There are many: Ways to approach cts, depending upon the severity of symptoms, the extent of numbness, presence of muscle atrophy, pain, related conditons and other factors. Splinting, nsaid, corticosteroid injections, surgery, medications, ruling out metabolic and endocrine and other nerve issues all are important. A hand surgeon is ideally trained but many physicians deal with this common problem. ...Read more
It depends on the severity of symptoms and response to conservative treatment. You may consult this site for info: http://www. Mayoclinic. Org/diseases-conditions/carpal-tunnel-syndrome/symptoms-causes/dxc-20313870
For good health - Have a diet rich in fresh vegetables, fruits, whole grains, milk and milk products, nuts, beans, legumes, lentils and small amounts of lean meats. Avoid saturated fats. Drink enough water daily, so that your urine is mostly colorless. Exercise at least 150 minutes/week and increase the intensity of exercise gradually. Do not use tobacco, alcohol, weed or street drugs in any form.
Practice safe sex, if you have sex. ...Read more
History, exam, tests: Carpal tunnel is caused by compression of a nerve in the wrist. It usually diagnosed by looking at the history of the symptoms, including the areas affected, timecourse of the symptoms, as well as alleviating and exacerbating factors. Doctors also look for patterns of sensory or motor loss, as well as response to treatment. Electrical testing, (e.g. Emg or nerve conduction study), can also help. ...Read more
Carpal tunnel answer:
Http://www. Handctr. Com/carpal-tunnel-syndrome-q-a.html
median nerve compression at the wrist gives numbness in the blue area and loss of muscle function in the large muscle of the thumb
here is a nice video I made a few years back
http://www. Youtube. Com/watch? V=lwghddhvm60&list=plcbd41f7a42e20469&index=4&feature=plpp_video. ...Read more
Nerve compression: Carpal tunnel syndrome is median nerve compression in the carpal tunnel at the base of the palm. Increased pressure in the confined space of the carpal tunnel causes compression of the nerve resulting in numbness of the thumb, index, long, and half the ring finger. Common causes are underlying tendonitis, overuse and repetitive use, pregnancy, and diabetes or hypothyroidism are predisposing factors. ...Read more
Phalens Exam: Lift both hands to the level of your head and let the wrists just flop over so that your fingers are pointing towards your ears. Hold this position for 30-60 seconds. If you experience numbness, tinging or pain in your hands this is highly suggestive of carpal tunnel syndrome. ...Read more
Carpal tunnel: Typical symptoms of carpal tunnel syndrome are numbness, tingling, and/or pain in the thumb, index, middle and half of the ring finger. This can be particularly worse with activity or at night. Hand weakness and muscle wasting are advanced symptoms. Early treatment consists of night splinting, anti-inflammatories, injections, therapy. If symptoms persist, nerve studies and surgery may be needed ...Read more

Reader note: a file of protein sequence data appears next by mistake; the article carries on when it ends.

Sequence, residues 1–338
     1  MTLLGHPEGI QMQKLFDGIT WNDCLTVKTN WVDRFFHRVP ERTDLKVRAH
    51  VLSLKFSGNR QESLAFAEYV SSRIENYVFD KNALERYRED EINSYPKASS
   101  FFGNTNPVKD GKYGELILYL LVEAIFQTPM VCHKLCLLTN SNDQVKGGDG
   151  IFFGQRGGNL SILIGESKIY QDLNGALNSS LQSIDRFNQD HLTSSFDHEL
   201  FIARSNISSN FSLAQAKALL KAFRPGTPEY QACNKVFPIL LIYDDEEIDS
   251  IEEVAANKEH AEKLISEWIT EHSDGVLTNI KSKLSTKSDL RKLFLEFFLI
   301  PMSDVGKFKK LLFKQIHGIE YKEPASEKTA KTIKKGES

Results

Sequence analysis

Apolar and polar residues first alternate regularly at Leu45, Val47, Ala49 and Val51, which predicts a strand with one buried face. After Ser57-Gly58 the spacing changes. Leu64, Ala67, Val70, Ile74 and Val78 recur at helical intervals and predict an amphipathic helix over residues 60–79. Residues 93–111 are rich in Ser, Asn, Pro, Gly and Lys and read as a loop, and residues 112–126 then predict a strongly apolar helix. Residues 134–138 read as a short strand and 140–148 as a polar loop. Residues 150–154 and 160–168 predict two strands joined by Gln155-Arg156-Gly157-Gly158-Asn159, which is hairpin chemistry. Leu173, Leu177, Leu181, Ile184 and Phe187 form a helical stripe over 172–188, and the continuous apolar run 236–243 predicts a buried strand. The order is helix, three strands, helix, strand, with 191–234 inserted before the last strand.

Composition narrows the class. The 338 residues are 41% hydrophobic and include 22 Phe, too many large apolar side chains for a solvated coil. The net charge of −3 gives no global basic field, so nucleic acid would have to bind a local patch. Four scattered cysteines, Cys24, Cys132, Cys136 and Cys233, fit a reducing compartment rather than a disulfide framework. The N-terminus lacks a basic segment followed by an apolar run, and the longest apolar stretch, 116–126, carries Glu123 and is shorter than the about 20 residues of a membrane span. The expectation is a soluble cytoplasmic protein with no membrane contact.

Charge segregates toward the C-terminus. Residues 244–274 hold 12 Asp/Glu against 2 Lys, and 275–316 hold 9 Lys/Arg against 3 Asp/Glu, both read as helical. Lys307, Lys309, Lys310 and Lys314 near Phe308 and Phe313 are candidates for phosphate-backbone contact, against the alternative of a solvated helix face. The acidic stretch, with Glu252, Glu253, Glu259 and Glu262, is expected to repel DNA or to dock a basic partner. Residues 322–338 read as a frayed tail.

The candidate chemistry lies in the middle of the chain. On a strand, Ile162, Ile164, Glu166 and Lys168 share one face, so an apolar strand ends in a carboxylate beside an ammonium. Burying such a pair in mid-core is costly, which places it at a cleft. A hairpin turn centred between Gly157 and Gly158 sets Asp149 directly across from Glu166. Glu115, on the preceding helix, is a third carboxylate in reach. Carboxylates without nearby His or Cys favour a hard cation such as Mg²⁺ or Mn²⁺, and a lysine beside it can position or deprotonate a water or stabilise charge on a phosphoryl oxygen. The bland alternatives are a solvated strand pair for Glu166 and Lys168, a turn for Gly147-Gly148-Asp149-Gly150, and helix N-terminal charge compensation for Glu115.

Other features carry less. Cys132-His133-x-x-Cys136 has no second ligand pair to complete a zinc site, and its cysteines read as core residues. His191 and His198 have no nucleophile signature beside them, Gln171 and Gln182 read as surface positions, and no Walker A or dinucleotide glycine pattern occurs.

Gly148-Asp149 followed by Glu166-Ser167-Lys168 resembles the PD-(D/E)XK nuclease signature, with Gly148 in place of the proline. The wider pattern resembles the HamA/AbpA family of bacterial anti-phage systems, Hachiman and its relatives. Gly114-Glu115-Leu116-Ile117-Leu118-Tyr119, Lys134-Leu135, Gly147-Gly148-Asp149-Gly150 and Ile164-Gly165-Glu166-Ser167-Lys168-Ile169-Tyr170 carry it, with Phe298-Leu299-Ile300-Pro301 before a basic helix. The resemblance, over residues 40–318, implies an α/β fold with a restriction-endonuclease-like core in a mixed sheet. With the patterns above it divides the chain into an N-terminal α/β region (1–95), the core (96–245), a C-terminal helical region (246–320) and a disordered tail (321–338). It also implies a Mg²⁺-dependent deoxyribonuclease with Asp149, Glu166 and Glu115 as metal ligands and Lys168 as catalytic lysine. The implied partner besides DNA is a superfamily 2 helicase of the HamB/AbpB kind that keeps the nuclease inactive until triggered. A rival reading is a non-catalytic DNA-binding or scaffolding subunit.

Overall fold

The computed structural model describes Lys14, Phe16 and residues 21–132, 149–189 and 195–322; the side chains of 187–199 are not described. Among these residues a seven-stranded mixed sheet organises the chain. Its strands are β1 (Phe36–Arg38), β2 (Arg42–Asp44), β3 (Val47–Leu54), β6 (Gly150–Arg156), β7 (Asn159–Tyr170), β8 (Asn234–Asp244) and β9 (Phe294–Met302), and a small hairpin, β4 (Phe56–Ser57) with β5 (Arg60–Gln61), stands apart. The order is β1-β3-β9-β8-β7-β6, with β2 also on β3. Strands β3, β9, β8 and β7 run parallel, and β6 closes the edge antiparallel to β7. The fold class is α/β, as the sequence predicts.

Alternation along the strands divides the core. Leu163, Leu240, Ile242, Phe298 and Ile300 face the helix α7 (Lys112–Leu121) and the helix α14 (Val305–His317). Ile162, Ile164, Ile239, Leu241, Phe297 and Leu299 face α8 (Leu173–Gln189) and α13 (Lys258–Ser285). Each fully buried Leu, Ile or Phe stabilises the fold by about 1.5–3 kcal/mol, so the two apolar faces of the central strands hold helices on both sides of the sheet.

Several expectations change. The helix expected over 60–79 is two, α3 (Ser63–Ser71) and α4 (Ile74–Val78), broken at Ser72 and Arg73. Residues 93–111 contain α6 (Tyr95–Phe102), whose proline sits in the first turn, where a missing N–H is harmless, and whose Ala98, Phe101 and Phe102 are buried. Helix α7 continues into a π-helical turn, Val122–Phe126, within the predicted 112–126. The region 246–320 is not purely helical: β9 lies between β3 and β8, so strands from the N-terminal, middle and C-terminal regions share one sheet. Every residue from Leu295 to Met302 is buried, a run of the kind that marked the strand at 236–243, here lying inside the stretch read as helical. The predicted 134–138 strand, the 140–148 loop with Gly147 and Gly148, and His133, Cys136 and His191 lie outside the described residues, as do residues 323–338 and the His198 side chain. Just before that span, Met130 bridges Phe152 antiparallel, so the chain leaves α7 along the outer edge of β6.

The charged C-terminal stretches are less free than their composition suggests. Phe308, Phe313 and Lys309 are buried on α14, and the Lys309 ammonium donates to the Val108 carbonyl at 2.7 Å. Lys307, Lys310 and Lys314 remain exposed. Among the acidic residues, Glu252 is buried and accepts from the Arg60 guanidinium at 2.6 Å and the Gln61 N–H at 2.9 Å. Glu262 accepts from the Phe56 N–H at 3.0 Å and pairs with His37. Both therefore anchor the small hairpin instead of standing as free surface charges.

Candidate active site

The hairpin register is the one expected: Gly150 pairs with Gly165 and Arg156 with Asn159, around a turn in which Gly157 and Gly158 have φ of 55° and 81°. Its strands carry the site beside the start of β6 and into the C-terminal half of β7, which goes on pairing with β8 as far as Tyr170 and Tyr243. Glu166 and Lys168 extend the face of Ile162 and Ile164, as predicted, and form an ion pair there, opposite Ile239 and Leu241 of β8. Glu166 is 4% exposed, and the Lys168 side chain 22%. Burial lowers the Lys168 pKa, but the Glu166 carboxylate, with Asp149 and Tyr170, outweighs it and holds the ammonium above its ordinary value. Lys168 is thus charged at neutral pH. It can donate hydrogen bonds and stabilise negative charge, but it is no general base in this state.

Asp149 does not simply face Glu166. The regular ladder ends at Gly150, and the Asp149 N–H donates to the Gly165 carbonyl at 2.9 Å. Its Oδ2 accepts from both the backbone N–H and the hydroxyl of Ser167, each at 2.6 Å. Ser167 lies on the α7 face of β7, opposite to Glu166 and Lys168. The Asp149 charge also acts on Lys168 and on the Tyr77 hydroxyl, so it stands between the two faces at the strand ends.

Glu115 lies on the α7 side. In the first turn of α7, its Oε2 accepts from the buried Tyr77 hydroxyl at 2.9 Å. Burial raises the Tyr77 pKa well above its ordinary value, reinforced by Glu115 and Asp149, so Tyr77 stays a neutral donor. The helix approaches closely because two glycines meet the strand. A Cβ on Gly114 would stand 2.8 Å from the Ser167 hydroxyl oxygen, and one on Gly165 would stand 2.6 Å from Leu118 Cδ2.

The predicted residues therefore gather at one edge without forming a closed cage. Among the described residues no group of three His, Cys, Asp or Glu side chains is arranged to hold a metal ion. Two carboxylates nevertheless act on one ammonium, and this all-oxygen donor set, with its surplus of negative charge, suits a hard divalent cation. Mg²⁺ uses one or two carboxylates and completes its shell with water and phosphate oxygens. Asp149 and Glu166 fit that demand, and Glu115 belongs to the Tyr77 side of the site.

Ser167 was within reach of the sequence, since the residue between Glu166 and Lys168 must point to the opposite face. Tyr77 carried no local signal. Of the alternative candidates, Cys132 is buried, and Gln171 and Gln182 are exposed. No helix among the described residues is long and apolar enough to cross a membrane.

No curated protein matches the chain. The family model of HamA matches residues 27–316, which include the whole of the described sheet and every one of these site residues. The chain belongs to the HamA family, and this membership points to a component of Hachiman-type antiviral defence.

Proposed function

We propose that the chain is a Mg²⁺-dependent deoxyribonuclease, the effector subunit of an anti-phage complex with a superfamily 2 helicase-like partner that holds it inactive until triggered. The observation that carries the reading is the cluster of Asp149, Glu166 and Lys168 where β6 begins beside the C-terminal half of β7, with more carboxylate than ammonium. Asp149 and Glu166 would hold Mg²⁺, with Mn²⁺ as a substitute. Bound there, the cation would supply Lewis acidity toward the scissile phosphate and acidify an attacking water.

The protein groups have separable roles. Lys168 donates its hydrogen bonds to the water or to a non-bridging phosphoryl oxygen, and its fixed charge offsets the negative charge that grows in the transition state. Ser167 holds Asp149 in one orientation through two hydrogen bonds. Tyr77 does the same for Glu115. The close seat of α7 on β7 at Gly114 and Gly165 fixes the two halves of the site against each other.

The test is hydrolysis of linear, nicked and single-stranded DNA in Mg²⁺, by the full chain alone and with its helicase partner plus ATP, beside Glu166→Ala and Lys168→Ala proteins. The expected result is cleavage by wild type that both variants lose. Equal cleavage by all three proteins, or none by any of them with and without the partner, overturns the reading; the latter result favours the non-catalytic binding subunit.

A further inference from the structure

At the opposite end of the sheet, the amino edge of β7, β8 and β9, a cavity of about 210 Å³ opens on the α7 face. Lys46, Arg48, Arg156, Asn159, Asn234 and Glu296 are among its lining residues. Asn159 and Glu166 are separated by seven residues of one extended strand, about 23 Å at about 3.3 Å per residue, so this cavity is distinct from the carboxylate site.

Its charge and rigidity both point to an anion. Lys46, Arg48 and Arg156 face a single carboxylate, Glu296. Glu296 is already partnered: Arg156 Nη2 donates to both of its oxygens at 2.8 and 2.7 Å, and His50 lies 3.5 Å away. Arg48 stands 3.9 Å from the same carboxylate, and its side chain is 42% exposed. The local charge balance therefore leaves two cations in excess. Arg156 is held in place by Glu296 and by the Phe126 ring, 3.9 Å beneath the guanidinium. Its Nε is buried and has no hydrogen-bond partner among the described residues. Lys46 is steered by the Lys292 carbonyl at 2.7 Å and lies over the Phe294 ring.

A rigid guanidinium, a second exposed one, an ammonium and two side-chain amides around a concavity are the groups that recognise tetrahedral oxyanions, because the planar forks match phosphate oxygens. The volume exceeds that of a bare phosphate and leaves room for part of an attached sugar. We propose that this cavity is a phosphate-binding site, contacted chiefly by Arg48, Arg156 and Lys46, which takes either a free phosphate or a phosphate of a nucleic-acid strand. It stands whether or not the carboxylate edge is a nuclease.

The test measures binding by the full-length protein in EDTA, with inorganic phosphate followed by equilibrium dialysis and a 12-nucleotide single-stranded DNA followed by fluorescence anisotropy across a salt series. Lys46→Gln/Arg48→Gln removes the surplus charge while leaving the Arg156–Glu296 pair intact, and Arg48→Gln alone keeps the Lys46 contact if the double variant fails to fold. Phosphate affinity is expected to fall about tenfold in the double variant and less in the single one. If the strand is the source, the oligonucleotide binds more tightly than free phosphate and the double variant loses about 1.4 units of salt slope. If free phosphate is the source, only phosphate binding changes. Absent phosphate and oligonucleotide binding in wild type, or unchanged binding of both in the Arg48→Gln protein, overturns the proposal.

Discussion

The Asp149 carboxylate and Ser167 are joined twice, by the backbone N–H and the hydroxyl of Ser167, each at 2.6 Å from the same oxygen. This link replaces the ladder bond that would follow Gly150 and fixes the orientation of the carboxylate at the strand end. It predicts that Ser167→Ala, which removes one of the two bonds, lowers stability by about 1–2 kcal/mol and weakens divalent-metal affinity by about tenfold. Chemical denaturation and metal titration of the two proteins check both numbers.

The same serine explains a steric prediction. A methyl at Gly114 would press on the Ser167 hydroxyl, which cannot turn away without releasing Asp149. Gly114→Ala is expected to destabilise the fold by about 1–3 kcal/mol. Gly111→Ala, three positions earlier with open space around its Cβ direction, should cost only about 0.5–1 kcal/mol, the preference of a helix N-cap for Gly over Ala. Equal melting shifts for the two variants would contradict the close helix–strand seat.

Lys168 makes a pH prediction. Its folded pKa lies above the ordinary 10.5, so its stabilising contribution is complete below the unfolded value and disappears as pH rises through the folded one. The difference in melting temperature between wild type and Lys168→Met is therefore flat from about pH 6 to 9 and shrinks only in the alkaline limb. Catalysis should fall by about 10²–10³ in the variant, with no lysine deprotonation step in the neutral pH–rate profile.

Numbness or pain: Carpal tunnel syndrome (cts) is the term for compression of the median nerve in the carpal canal. This results in numbness or tingling or sometimes pain in the median nerve distribution. (thumb, index, midde and part of the ring finger). Usually the pinky in not involved. Symptoms can be worsened by holding a steering wheel or at night. ...Read more
Ingredients make no:
Sense to me
msm : is not proven but largely if there are any claim its by ingesting it not a cream
cetyl_myristoleate: has no proven effects
choline bitartrate: makes no sense as a cream
arnica: no more effective than placebo boswellia serrata: has components that may relief some inflammation
pyridoxine (vit b6) as a cream. Why?
Use of these as a cream makes no sense, pseudoscience at best. ...Read more
Start with splint: Night splinting and daily gentle stretches and flexibility exercises are they best way to treat early carpal tunnel. As the condition progresses and splinting no longer controls the numbness, then surgical management is the best treatment. ...Read more
Pinched nerve: Carpal tunnel is caused by compression of a nerve in the wrist. While the diagnosis can often be made on the basis of a careful history and examination, electrical testing can be used to prove the diagnosis. This is important to rule out other diagnoses (e.g. Pinched nerve in the neck) that may be causing your symptoms. A neurologist can help guide diagnosis and treatment, . ...Read more
Carpal tunnel is: Associated with altered sensation in the thumb, index, middle and part of the ring. It can affect the muscles of the thumb. Symtpoms can be intermittent, occasional or severe and long standing. Testing such as a nerve study/emg is often used to aid diagnosis and gauge severity. Treatment can range from splinting to injectons and even surgery.A very common disorder; many function well despite it. ...Read more
Can recur: Specifically with respect to surgery, carpal tunnel syndrome can recur even after surgery to release the carpal ligament. This is because scar can build-up and the compression on the median nerve can occur even after surgery. This happens particularly if the patient continues with repetitive hand movements. Further surgery can be done to re-release, but it is frequently more involved. ...Read more